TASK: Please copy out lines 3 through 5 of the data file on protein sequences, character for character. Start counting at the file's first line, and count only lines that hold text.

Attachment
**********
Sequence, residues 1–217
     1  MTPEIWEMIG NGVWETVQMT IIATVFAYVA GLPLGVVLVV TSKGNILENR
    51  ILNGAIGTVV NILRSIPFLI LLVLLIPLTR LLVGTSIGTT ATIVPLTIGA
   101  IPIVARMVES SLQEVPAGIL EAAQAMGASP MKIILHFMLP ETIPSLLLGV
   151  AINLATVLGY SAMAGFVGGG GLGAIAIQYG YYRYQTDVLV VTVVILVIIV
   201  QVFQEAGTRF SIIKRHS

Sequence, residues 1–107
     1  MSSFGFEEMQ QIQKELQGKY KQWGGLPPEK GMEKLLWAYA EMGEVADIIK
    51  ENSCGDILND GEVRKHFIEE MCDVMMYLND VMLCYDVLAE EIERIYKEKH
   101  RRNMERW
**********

    51  ILNGAIGTVV NILRSIPFLI LLVLLIPLTR LLVGTSIGTT ATIVPLTIGA
   101  IPIVARMVES SLQEVPAGIL EAAQAMGASP MKIILHFMLP ETIPSLLLGV
   151  AINLATVLGY SAMAGFVGGG GLGAIAIQYG YYRYQTDVLV VTVVILVIIV